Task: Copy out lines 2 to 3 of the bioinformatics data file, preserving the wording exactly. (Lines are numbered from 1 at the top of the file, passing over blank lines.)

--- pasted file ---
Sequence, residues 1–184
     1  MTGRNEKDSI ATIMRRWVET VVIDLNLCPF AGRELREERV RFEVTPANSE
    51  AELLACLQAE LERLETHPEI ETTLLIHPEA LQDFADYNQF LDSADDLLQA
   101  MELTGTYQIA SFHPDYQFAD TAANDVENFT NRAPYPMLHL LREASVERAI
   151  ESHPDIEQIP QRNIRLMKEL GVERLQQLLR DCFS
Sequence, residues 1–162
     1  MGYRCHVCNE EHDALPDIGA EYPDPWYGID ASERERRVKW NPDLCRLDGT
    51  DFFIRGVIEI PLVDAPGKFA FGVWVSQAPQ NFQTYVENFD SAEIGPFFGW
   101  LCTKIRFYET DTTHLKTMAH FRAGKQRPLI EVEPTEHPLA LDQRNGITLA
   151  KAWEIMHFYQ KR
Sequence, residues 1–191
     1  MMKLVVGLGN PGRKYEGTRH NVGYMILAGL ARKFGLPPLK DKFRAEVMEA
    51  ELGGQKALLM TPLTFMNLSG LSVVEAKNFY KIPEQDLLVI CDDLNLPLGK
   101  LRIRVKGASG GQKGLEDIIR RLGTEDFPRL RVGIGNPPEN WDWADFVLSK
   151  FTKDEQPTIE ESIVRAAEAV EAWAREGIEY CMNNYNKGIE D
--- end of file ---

     1  MTGRNEKDSI ATIMRRWVET VVIDLNLCPF AGRELREERV RFEVTPANSE
    51  AELLACLQAE LERLETHPEI ETTLLIHPEA LQDFADYNQF LDSADDLLQA